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December 21, 2017

Chloe Benjamin: Lessons from Molly

Posted by tom

Chloe Benjamin is the author of THE ANATOMY OF DREAMS, which received the Edna Ferber Fiction Book Award. Her second novel, THE IMMORTALISTS, releases on January 9th and poses an intriguing question: If you knew the date of your death, how would you live your life? As a child, Chloe knew she wanted to live her life as a writer. Her mom’s domestic partner, Molly, served as an early writing teacher, and the lessons she taught her helped her become a more economical writer who strives for “elegance over excessiveness and rhythm over length.” Chloe and Molly have kept up a years-long tradition of giving each other books for the holidays, as she explains in her Holiday Blog post.

I’ve wanted to be a writer since the age of eight or nine. I couldn’t take creative writing classes until college, so throughout my childhood, my mom’s domestic partner, Molly, served as an early writing teacher. Molly had been an English major at Stanford and pursued journalism for a few years afterward, but she ultimately turned to technical writing, where she stayed in order to support our family. Still, she retained a love for literary writing and an eagle eye for editing it.

Molly is not a cuddly person; her love is expressed through dedication, thoughtfulness and hard work. No fan of long phone calls, big hugs or adverbs, she reads like she lives: with an appreciation for clarity, nuance and meaning that isn’t trite. I, on the other hand, was prone to purple prose, stories that meandered far longer than they had to, and a habit of giving every image two or three descriptors.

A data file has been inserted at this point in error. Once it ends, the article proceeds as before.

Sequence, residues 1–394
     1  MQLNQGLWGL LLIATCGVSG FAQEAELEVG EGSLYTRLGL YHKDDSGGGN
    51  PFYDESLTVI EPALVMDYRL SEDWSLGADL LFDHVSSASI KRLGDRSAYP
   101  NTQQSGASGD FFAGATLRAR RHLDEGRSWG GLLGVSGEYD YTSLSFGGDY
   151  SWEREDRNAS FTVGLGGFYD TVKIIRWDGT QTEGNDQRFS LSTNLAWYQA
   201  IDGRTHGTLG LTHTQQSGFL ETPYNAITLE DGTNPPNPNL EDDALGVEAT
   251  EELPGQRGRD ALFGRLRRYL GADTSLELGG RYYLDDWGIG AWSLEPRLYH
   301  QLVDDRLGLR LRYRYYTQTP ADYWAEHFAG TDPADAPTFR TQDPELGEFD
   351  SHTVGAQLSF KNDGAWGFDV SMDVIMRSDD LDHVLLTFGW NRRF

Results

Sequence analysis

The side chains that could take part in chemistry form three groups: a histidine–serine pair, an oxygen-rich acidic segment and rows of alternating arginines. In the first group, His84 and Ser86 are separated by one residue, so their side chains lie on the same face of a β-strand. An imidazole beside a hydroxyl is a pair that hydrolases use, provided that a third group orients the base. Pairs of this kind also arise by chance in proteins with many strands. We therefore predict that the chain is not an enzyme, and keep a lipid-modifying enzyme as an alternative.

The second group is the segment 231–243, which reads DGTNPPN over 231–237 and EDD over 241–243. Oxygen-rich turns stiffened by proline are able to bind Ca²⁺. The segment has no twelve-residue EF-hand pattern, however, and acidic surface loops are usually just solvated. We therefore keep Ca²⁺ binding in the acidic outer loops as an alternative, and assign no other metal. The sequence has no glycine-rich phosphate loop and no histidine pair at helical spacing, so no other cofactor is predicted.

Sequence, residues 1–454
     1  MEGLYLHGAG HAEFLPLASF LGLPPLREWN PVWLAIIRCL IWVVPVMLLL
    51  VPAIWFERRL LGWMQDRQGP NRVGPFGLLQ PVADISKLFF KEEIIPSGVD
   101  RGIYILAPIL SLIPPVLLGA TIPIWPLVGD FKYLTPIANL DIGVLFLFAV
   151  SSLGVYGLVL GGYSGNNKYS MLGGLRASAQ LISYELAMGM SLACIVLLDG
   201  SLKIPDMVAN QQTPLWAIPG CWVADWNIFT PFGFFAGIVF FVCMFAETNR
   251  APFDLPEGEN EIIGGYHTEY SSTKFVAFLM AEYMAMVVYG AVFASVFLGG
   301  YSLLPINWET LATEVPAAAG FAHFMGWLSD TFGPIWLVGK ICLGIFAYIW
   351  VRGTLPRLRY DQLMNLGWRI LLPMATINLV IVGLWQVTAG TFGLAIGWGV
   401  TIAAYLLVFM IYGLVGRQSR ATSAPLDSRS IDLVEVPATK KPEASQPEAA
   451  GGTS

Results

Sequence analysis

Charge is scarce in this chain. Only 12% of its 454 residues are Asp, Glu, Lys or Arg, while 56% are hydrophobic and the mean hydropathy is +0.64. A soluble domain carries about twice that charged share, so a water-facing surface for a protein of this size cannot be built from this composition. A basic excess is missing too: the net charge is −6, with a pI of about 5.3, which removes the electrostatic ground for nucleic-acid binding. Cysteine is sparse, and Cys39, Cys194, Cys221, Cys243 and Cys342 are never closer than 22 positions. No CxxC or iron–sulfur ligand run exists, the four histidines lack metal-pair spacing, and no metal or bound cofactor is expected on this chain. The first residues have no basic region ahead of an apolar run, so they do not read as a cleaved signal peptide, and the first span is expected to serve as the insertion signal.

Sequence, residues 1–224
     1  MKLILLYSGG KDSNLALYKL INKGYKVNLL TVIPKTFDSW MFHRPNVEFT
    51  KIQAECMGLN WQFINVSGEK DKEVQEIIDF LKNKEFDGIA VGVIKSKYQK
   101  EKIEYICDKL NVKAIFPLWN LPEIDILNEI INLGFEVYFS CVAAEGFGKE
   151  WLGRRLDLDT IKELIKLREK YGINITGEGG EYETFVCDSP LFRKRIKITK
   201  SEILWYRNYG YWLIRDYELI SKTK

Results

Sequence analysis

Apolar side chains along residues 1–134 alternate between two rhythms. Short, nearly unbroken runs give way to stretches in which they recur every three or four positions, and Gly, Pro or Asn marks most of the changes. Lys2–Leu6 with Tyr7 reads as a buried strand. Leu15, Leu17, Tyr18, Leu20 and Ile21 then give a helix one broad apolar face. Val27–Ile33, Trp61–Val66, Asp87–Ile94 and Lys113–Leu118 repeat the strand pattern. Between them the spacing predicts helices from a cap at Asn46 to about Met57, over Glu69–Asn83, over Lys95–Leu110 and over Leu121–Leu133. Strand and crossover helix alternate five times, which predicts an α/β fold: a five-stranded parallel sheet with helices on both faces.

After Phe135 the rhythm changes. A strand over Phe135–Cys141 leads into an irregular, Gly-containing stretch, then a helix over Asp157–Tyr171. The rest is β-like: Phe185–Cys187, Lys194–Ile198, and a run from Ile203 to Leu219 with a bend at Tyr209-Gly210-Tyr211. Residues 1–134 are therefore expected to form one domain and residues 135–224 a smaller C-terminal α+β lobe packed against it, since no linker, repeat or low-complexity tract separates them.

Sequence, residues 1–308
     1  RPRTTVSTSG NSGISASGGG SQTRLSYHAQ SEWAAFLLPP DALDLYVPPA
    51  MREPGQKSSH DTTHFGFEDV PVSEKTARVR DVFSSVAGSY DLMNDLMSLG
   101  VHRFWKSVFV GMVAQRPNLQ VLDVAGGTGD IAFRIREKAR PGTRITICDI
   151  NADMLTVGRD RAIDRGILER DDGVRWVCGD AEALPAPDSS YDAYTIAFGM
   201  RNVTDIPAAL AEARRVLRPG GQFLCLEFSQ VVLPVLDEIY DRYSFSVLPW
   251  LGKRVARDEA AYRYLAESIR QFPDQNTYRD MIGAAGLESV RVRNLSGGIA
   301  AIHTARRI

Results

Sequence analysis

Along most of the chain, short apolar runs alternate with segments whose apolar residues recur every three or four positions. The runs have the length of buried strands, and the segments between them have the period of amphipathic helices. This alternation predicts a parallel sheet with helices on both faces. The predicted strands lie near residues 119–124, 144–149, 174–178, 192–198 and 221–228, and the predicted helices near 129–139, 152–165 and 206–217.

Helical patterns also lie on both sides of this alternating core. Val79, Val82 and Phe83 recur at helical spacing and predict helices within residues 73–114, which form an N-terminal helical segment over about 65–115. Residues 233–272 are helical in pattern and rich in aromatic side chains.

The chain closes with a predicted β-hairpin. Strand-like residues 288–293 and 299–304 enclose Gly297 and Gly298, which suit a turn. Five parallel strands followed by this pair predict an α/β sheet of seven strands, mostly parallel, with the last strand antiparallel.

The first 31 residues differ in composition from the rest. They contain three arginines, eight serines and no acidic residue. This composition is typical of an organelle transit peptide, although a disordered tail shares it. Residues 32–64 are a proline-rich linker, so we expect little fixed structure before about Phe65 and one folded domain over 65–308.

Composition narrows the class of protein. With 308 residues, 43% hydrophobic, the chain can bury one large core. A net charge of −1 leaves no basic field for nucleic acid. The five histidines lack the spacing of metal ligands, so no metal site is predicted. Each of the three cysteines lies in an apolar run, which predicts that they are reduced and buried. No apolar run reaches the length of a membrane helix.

“It was as red as an apple,” I wrote, as a teenager, “or a basketball hoop, or a fancy lady’s lips.”

“Choose one,” said Molly.

Her suggestions felt extreme at the time, but looking back, they helped me to reign in my propensity for overwriting. Now, I value restraint as much as lyricism and find beauty in both. In my work, I strive for elegance over excessiveness and rhythm over length. I’m proudest of my writing not when it’s chock-full of imagery but when it conveys exactly what I intended it to.

Meanwhile, Molly and I have kept up a years-long tradition of giving each other books for the holidays --- often used ones from San Francisco’s Green Apple Books. We’ve always communicated best in writing, and gifting books is as much a method of communication as our monthly emails. She introduced me to Michelle Huneven; I gave her Kazuo Ishiguro. Our choices are reflective and deliberate: we usually give the other something we’ve already read and loved.

She still reads my work. Meanwhile, after decades away from it, she’s picked up her own creative writing again. Every so often, she sends me a short story or a bit of nonfiction from her life. Now, though, neither of us edit. We just take it in.